Grameen Bank founder Muhammad Yunus quits top post
The founder of the pioneering Bangladeshi micro-lending Grameen Bank is standing down as its head after a long-running row with the government.
Nobel laureate Muhammad Yunus said he was relinquishing his post to prevent undue disruption of the bank's work.
Earlier this month the Bangladeshi Supreme Court dismissed a final appeal by Mr Yunus to overturn his sacking.
Authorities said he was over the legal retirement age, but supporters say his dismissal was politically motivated.
Prof Yunus, 71, launched the Grameen Bank in the late 1970s to offer microcredit to the poor. The model has been copied in developing countries around the world.
He is often referred to as "the world's banker to the poor".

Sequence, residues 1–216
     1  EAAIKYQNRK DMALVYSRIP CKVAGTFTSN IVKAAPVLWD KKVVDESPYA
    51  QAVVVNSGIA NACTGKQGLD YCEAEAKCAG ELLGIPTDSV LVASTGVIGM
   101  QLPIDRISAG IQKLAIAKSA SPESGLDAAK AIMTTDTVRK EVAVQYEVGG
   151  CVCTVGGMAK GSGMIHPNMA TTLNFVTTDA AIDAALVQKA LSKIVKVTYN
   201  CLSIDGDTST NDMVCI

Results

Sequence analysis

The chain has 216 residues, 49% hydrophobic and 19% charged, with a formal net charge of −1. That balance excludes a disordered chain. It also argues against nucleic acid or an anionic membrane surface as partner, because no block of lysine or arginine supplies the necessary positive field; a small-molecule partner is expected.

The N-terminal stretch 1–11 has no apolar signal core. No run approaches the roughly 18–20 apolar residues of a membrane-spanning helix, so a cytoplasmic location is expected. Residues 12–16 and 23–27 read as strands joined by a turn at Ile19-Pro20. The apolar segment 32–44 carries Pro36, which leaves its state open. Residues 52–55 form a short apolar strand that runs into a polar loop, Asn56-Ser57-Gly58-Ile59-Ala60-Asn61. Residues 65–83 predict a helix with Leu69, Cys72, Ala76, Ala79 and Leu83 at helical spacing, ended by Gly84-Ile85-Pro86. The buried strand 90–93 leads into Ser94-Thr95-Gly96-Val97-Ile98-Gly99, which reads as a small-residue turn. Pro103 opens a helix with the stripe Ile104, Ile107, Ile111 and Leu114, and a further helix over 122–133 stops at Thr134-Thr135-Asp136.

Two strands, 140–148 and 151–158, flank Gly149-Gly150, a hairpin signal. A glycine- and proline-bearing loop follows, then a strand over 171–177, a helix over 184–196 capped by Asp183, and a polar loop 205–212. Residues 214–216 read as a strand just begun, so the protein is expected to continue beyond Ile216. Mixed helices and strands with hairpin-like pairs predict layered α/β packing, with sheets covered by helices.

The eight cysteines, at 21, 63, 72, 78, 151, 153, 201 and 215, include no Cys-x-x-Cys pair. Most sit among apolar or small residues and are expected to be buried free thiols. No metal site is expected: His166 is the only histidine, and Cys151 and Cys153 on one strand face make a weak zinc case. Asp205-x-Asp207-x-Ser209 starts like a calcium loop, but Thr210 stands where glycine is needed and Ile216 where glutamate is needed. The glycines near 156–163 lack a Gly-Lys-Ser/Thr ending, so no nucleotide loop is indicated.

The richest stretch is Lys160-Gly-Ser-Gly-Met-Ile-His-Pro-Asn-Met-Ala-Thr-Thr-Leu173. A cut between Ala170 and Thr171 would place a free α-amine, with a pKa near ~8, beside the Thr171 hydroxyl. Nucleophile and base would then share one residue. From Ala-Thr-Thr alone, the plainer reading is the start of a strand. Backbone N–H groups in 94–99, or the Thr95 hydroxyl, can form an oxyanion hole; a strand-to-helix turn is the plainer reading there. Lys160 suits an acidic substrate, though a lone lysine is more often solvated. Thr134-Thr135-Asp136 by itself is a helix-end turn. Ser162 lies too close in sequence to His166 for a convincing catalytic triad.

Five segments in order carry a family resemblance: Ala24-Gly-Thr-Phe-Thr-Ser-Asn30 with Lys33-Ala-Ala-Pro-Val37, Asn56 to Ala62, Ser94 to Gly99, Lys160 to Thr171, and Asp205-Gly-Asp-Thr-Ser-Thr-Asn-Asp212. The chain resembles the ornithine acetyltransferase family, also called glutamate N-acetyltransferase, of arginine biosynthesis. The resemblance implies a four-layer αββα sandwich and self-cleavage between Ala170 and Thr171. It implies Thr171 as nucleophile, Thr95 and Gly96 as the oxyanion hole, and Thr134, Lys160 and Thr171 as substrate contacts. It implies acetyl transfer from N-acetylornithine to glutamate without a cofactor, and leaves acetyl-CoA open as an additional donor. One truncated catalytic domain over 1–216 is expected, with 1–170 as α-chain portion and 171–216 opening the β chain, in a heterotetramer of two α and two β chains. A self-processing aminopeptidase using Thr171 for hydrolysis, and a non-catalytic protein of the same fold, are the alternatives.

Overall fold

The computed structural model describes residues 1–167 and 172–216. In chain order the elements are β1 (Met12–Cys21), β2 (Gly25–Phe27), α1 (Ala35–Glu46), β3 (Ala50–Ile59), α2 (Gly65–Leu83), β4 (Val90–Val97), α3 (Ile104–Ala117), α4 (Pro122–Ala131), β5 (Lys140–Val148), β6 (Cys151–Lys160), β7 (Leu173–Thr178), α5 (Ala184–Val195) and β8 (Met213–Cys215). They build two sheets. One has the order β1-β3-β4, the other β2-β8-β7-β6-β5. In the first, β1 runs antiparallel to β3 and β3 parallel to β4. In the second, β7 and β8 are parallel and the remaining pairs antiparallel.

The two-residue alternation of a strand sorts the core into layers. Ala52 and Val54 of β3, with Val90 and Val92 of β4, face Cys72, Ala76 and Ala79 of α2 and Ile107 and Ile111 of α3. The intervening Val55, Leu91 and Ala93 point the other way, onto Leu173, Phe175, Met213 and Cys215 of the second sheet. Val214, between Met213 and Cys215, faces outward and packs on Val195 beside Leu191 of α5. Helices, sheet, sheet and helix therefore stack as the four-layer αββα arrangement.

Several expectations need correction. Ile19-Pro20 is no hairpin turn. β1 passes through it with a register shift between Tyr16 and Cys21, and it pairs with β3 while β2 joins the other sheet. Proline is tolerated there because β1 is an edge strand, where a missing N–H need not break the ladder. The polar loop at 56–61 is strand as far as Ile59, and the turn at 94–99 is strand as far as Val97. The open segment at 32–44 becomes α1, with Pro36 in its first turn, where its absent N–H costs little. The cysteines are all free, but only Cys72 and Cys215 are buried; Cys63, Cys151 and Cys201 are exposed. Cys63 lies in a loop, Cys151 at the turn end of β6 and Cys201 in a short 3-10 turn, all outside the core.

The Bangladesh central bank removed Prof Yunus from his post last March, saying his continuing role at Grameen Bank violated laws that state public servants must retire at the age of 60.
A lengthy legal row ended at the Supreme Court on 5 May, but in a statement on Thursday Prof Yunus said he had still not received the full court order and was relinquishing the post of managing director.
"I am taking this step... in order to prevent undue disruption of the activities of Grameen Bank and to ensure my colleagues and our eight million members, and owners of the bank, are not subjected to any difficulty in discharging their responsibilities," his statement said.
The bank and Prof Yunus were jointly awarded the Nobel Peace Prize in 2006 for helping millions out of poverty with small loans.
Analysts say Bangladeshi Prime Minister Sheikh Hasina fell out with Mr Yunus in 2007 when he tried to set up his own political party.
At the time, Bangladesh was ruled by an interim-government which was backed by the country's powerful army.
The sacking of Mr Yunus has sparked criticism from some of the country's foreign donors, particularly the US.